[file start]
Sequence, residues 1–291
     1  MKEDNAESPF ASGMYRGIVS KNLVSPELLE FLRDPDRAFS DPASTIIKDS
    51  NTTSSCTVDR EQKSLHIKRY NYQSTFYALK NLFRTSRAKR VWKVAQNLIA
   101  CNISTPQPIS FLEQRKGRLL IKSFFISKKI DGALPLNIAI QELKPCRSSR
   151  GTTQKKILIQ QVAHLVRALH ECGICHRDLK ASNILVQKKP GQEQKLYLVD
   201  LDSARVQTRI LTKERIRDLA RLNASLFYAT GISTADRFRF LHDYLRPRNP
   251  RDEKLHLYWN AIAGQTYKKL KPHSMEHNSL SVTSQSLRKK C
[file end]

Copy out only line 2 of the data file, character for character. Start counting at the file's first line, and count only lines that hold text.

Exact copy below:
     1  MKEDNAESPF ASGMYRGIVS KNLVSPELLE FLRDPDRAFS DPASTIIKDS